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Pitch perfect

HK EDITION | Updated: 2021-07-16 13:49
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Harmonica virtuoso Gordon Lee takes a moment off rehearsals at the Luxe Manor, ahead of his concert with City Chamber Orchestra of Hong Kong next week. [RAYMOND CHAN/CHINA DAILY]

The relatively small size and approachable design of a harmonica could make it look like the instrument is easy to master. But it isn't so. Hong Kong harmonicist Gordon Lee says it's actually quite a complex instrument - one of the very few wind instruments that can be played both by inhaling (musicians call it "drawing") and exhaling (or "blowing").

"Of all wind instruments, the harmonica involves the most number of playing techniques. Since you can play by drawing and blowing, you essentially have to learn twice the number of techniques," Lee says.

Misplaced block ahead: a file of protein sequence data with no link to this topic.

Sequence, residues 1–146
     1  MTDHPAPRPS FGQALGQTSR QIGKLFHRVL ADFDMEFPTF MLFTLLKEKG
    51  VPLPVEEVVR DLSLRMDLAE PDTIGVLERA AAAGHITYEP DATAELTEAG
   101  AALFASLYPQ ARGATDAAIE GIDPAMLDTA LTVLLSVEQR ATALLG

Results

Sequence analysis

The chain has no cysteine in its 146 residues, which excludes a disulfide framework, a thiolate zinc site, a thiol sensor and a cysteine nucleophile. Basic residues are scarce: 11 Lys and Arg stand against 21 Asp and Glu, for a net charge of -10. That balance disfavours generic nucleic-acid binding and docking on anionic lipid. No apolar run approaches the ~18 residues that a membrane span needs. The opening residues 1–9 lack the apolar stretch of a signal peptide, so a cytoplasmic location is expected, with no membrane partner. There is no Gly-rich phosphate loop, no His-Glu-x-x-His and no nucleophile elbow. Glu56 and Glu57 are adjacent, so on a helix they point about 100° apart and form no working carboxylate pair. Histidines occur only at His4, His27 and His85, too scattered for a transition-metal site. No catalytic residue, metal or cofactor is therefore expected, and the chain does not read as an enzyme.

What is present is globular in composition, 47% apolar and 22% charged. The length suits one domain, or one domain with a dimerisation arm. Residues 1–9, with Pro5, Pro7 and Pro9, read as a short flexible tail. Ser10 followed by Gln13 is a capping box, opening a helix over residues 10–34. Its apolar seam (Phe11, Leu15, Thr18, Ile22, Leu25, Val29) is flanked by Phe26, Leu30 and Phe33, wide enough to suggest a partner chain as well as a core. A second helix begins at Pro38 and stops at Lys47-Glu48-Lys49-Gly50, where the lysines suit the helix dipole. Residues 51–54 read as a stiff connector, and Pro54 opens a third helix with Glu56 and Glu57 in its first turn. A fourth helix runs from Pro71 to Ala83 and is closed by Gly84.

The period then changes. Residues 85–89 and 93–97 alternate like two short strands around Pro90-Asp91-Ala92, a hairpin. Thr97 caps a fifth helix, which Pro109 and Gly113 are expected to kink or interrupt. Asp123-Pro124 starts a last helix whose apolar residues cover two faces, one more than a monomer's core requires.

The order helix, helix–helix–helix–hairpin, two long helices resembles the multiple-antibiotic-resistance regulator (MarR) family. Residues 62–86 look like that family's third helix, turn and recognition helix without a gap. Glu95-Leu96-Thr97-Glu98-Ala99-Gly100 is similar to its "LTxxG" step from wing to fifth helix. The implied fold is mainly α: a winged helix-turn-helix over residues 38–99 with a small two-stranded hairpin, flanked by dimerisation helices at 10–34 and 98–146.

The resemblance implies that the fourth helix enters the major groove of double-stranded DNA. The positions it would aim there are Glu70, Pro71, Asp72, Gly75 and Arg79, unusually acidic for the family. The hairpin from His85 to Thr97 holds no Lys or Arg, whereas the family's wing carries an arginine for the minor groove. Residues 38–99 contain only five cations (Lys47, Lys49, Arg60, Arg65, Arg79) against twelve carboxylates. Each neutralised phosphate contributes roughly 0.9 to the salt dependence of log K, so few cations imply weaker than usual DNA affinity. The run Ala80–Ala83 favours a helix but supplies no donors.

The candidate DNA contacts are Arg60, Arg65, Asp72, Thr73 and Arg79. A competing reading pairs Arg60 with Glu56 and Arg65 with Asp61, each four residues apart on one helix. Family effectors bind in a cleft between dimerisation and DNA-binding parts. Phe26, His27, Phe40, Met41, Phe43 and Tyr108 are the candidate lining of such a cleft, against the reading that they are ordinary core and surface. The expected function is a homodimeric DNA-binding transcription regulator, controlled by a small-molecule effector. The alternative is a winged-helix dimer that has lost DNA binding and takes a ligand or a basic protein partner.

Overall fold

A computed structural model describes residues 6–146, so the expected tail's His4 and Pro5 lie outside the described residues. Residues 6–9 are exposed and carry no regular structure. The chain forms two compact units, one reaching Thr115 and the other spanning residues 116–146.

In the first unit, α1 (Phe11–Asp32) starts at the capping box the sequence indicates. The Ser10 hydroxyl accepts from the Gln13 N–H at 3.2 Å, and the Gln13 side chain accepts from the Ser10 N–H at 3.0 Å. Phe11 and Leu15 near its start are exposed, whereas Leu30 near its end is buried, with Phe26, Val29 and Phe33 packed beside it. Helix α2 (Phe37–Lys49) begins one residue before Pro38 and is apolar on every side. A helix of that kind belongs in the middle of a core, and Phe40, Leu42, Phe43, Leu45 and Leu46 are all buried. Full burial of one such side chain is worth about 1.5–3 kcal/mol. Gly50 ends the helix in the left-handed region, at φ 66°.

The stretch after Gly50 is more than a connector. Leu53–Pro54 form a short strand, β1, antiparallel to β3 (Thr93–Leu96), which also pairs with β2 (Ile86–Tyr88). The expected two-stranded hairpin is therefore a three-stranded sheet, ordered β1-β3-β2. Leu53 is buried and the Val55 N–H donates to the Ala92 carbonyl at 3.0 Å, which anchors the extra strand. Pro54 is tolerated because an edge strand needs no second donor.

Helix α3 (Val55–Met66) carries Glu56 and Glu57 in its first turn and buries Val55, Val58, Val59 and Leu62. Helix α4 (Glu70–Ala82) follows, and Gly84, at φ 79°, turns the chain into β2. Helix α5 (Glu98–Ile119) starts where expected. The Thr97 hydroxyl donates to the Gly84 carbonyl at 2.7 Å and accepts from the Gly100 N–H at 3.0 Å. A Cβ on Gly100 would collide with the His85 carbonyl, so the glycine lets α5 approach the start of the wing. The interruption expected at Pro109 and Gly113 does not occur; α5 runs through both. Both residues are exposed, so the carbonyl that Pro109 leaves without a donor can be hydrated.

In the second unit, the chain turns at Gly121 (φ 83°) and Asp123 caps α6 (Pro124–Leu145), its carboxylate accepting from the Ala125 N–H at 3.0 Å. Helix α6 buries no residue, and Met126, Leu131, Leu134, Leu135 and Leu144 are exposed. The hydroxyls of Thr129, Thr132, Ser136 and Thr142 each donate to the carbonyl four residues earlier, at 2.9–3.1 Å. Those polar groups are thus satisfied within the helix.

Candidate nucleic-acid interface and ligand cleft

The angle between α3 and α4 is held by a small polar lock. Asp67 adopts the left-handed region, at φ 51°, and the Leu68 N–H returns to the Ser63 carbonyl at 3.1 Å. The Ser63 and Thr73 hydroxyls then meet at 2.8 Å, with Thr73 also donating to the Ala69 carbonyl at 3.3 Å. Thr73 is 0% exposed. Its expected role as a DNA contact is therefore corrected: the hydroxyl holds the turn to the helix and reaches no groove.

While most wind instruments come with only one mouthpiece to play on, the harmonica has a number of chambers, each containing at least one reed, adding to the difficulties in controlling and mastering techniques such as harmonization.
"Some people think of it as a toy, as it will produce a sound when you blow on it. But if you are serious about learning it, you will find out how difficult it can be if you don't know how to control your breathing."

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